“Background to the Reformation and the Peasants War” – September 13, 2015

Disclaimer: These are unedited notes, not a presentation.

I have absolutely no idea how to cover two huge topics in one short sunday school lesson. I could happily talk for hours about both the peasant war and the lead up to the reformation. These are two of my favorite topics. In another lifetime, I would probably get my Ph.D. in reformation studies. That is why I’m very fortunate for things like the Lilly Grant which let me do something I’m passionate about and love, without all the political games of academia that frustrate me so much.

Luckily, both of these topics were something that I covered 5 years ago, when I led a Sunday school class on early Anabaptism. I doubt anyone remembers those two classes. I believe Joel recorded them for Kristen, if you really are that interested. What I don’t want to do today is spend much time talking about the same things I discussed 5 years ago. However, not everyone was there. The first class, I talked about the anticlerial agitation that filled the air during the early 16th century. We looked at a lot of different political cartoons from different printers that gave us a glimpse into what was affecting the imaginations of ordinary men and women. We saw pictures like Martin Luther as the German Hercules and priests who were tempted by the seven deadly sins. I was fortunately able to encounter many new political cartoons over in Europe at different museums, like the house of Albrecht Durer, the famous printer of Nuremberg. The second class was on mainly the rise of Thomas Muntzer, the great reformer, who in my eyes, was the only worthy rival of Luther. We talked about Muntzer’s connection to the Swiss Anabaptists, his vision of reform, and his leadership in the peasant revolt. Stephanie and I were able to visit Muhlhausen, the city which Muntzer pastored, when he prepared for his peasant revolt.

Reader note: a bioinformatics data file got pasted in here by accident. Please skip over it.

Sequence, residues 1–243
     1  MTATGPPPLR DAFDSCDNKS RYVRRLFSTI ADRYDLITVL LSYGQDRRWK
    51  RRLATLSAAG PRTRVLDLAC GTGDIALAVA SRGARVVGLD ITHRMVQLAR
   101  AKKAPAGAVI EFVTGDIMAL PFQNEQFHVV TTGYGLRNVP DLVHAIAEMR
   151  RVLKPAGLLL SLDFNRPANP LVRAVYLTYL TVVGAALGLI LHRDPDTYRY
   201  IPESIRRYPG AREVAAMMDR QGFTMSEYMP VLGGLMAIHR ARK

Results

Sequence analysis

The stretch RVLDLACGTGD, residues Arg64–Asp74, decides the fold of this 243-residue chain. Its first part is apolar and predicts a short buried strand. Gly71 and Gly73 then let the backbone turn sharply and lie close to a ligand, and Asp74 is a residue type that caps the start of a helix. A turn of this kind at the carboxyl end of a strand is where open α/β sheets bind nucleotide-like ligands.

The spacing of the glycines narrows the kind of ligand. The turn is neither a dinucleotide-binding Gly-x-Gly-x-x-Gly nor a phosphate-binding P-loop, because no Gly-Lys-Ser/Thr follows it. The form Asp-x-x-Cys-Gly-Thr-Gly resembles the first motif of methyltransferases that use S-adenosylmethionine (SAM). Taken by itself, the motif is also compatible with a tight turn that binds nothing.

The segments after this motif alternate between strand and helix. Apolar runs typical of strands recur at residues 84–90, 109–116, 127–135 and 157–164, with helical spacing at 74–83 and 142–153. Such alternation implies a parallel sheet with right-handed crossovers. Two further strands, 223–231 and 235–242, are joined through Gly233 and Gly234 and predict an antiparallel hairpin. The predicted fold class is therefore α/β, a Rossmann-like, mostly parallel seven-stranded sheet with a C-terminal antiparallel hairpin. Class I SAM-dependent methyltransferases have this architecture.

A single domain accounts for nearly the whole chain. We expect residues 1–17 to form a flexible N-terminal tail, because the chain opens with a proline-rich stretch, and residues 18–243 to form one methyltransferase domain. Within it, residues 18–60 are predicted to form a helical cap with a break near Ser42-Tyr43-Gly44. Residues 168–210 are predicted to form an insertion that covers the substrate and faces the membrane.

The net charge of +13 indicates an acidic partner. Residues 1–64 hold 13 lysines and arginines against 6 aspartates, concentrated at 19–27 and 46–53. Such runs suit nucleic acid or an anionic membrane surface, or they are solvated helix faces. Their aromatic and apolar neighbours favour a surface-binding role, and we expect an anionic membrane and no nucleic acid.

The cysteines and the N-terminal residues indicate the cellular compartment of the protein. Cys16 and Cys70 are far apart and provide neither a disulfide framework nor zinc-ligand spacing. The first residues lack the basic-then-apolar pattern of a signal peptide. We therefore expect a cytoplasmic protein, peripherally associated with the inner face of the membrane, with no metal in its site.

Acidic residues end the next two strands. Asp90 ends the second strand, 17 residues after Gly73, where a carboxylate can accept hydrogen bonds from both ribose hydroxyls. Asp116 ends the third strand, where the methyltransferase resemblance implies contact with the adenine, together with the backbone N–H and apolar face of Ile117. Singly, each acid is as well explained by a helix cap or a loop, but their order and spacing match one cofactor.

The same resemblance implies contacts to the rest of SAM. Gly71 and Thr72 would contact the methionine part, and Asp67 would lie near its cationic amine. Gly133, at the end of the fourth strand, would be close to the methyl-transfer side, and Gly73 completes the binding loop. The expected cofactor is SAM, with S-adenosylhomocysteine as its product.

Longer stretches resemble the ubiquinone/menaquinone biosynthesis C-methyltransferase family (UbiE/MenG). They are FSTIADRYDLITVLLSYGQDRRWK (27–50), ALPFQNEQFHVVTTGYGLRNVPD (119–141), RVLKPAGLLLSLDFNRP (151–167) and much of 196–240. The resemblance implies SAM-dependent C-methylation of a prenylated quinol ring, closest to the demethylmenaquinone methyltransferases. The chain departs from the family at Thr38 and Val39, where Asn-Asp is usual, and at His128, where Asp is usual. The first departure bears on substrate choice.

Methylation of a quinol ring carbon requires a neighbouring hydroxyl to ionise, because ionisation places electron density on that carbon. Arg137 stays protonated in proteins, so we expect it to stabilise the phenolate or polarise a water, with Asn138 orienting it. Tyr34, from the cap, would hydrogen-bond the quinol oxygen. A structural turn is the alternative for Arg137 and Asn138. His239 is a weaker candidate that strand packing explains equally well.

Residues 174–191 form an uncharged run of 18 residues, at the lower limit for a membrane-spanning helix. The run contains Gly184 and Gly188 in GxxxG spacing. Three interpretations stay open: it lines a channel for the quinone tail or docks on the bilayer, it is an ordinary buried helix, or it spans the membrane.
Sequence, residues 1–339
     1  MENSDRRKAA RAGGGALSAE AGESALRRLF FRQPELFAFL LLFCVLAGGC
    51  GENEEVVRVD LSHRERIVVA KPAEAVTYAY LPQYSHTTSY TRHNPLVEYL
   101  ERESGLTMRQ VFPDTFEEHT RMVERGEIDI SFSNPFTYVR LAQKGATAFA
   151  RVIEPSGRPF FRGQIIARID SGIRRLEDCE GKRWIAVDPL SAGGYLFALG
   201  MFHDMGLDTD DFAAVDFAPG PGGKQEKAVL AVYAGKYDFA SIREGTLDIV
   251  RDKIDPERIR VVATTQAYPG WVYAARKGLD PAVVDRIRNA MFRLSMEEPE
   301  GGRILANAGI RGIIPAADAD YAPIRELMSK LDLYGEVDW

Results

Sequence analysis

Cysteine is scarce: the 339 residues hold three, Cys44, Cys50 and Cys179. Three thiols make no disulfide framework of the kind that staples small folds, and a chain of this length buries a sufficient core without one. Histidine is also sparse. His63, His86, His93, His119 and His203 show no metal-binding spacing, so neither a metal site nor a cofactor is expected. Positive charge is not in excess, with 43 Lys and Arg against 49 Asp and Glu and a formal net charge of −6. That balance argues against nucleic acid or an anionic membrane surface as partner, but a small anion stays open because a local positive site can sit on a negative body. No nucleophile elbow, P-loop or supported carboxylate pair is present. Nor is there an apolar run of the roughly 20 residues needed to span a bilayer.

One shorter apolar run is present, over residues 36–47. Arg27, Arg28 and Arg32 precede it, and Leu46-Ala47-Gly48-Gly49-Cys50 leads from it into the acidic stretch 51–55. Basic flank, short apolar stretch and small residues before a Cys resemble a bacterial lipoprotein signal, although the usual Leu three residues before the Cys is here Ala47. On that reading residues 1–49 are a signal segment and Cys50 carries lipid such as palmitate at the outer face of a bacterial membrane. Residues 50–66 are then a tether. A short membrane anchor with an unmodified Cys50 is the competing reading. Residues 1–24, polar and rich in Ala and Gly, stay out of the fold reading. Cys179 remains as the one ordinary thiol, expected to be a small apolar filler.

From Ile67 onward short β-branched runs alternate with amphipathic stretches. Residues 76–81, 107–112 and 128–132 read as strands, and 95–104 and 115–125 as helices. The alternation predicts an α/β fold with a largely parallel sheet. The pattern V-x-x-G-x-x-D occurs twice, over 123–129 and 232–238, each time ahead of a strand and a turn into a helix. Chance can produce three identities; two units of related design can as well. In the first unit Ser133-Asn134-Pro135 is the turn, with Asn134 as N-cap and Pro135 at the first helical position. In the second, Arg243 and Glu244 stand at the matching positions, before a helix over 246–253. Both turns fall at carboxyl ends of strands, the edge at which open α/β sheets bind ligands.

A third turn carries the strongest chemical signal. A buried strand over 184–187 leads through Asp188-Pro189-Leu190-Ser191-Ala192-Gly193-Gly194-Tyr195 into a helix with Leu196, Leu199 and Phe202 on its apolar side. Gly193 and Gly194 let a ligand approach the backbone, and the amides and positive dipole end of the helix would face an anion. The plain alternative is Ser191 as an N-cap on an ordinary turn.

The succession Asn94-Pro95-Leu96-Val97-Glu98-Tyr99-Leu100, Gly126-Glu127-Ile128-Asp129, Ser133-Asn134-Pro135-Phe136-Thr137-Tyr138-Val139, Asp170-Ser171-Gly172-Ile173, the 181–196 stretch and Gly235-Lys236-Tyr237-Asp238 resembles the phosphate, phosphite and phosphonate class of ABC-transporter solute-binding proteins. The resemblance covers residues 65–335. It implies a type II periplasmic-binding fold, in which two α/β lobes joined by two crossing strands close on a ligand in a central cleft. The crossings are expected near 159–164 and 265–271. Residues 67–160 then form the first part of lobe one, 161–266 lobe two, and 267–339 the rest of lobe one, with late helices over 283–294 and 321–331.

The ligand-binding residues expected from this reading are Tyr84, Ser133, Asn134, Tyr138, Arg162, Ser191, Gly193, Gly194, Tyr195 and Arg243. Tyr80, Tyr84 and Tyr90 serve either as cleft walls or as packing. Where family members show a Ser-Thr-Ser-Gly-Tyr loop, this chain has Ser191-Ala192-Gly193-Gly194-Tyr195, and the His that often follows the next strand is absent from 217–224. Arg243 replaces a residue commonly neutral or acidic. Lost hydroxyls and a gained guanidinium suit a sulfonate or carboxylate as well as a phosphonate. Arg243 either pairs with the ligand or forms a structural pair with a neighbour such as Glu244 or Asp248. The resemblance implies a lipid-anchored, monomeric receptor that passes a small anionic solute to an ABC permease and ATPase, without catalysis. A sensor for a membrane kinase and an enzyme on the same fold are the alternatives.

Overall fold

Again, there is too much stuff to cover, I can’t cover everything. So let’s move on to something new.

One of the most important things to understand both the Reformation and the peasants revolt is that they occurred in a time of major transition in the lands of Germany and Switzerland. From 1300 – 1450, this was a time of medieval downturn. There was a decline in people and an economic contraction. However, during the mid-fifteenth century, the socioeconomic tide turned. The economy began to enter into a period of long-term expansion that lasted up until the 30 year war.

You might think that economic expansion would be good news! But can anyone give some reasons why economic expansion isn’t always great for some?

During downturn, this was a time of market advantage for commoners. Peasants had easier access to more land on better terms, since land was plentiful due to population decline and rents were low. Scarcity of labor meant that wages went up. For the lower classes, the economic contraction resulted in greater personal freedom. To keep labor, lords relaxed or eliminated serfdom.

But when the economy began to change, population boomed as did levels of production and exchange. Prices mounted, including land values and rents. The great inflation, often termed as a price revolution, was mainly due to the expanding population. The prices of foodstuffs and essentials ran well ahead of the prices of other products. Real wages deteriorated, purchasing power fell.